• It's Personal
    That was for Dobbs.
  • It's Personal with the Dragon: Most of the conflict is with Eric Stoller, who works for the Bisante Cartel but is the most dangerous member of them. In addition, he is also the only villain to appear in the movie.
  • Large Ham: Both of the main characters, but especially Nick Cage as Jake Preston.
  • Loved I Not Honor More: Little is Happily Married, with several kids. He notes that with his expertise in helicopters, he could have made his family quite a bit of money in the private sector. His wife points out that he's a patriot, not a businessman, implying that it's part of what she loves about him.
  • Market-Based Title: It was known as Wings Of the Apache in many overseas releases.
  • Meaningful Echo: Jake and Billie arguing over who will drive. Billie wins the argument every time.
  • Old Soldier: Little, an experienced helicopter pilot tasked with training younger pilots in helicopter combat tactics. While he is far more experienced than the younger pilots, he is also finding his age to be catching up with him.
    • One scene has him out for an early morning jog on the flightline, when another pilot jogs past him with a "Morning, Sir!" Followed soon after by another. And another. And at least one soldier who passes him is jogging backwards.
    • Another scene has Little and Preston facing off in a friendly boxing match. While Little was a champion boxer in college, that was two decades previous, and Preston makes up for a lack of experience with the ability to hit like a two by four, laying Little out hard enough that he's still walking it off the next day.
  • Pre-Mortem One-Liner: Preston, after he dupes Stoller into over-flying him...
    " blew it"
  • Private Military Contractor: Stoller is stated to be a mercenary; we never get any indication if he has any stake at all in the drug wars other than money.
    • A briefing between the higher-ups clearly states that Stoller "sells his expertise to the highest bidder", and in Little's briefing to Preston's squadron, he says "He (Stoller) kills people for money, and now someone has paid him to kill you."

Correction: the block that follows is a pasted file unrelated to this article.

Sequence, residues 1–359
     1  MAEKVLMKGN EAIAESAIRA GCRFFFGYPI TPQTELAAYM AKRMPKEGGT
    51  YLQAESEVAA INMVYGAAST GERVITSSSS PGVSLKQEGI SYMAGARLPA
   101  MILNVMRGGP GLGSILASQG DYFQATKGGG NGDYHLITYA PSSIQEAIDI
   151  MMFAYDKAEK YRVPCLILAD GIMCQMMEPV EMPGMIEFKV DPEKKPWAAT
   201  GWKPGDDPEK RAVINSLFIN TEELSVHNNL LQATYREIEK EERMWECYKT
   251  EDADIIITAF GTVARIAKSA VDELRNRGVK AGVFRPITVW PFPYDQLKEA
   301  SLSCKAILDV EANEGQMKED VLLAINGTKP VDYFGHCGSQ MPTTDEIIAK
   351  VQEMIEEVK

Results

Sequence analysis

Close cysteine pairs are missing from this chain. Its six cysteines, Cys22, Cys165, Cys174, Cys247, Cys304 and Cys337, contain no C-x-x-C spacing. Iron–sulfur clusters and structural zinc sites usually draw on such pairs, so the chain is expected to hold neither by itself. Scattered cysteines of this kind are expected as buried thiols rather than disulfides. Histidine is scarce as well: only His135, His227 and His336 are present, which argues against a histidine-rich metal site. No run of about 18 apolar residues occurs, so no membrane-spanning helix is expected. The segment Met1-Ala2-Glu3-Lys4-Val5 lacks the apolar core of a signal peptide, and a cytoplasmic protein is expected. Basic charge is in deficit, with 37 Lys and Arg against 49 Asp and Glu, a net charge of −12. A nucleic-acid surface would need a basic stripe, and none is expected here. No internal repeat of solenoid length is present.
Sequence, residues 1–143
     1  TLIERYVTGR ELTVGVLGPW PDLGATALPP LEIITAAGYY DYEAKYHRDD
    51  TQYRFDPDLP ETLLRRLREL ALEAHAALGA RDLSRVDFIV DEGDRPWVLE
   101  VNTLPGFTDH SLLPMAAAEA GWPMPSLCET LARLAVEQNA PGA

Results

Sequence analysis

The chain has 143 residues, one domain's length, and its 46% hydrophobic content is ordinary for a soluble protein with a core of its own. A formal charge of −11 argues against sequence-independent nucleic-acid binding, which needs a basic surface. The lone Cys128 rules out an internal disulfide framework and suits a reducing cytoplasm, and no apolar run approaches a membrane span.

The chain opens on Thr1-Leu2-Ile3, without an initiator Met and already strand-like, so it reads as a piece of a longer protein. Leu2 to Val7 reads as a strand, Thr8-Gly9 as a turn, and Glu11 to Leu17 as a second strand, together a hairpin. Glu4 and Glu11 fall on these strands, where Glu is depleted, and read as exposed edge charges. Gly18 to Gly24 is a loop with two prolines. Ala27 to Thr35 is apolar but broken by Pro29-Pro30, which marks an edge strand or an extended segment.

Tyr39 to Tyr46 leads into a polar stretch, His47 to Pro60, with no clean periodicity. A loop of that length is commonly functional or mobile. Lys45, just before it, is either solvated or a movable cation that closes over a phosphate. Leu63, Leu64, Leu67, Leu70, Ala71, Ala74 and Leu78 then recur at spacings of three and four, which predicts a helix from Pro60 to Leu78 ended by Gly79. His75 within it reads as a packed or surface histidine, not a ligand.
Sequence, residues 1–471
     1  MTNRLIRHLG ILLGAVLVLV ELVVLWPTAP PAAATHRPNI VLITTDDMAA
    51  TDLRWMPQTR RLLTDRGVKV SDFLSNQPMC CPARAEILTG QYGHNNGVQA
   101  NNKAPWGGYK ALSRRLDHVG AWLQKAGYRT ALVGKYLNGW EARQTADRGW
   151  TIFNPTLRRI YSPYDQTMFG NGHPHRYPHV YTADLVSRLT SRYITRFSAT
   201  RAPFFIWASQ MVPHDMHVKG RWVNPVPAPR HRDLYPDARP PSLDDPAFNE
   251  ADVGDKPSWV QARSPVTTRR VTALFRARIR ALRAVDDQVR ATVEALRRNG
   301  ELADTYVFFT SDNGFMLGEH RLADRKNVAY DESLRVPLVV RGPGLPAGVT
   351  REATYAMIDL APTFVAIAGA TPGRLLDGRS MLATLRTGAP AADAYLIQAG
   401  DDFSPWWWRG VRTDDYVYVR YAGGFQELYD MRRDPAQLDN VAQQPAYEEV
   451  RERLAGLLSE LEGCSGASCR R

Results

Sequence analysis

• Public Domain Soundtrack: The soundtrack includes snippets of "Mars" by Gustav Holst during the final battle.
  • Recycled In Space: It's Top Gun IN ARMY HELICOPTERS! One of the primary complaints about the film, in fact.
  • Standard Hollywood Strafing Procedure: The Draken that starts strafing Little's downed chopper (and Guthrie) makes a few cannon runs and seems determined to hit the area just to the left of the Apache.
  • The Squadette: Guthrie.
  • This Is for Emphasis, Bitch!: Jake snarls the line rather than shouting it. Which would make sense, given that Stoller wouldn't be able to hear him anyways.
    "You're not touching her, you filthy piece of shit...."
  • Weapons Understudies: The Scorpion Attack Helicopter that The Dragon flies is in fact an American-made McDonnell Douglas MD-500 Defender.
  • Where the Hell Is Springfield?: The film absolutely refuses to identify which country the drug cartel is operating in, only stating they're in "South America". note  Though given the film's time period it's most likely Colombia.
    • The Catamarca Desert, mentioned briefly in the captions when the Apaches deploy to their staging base, is in Argentina of all places.

Alternative Title(s): Wings Of The Apache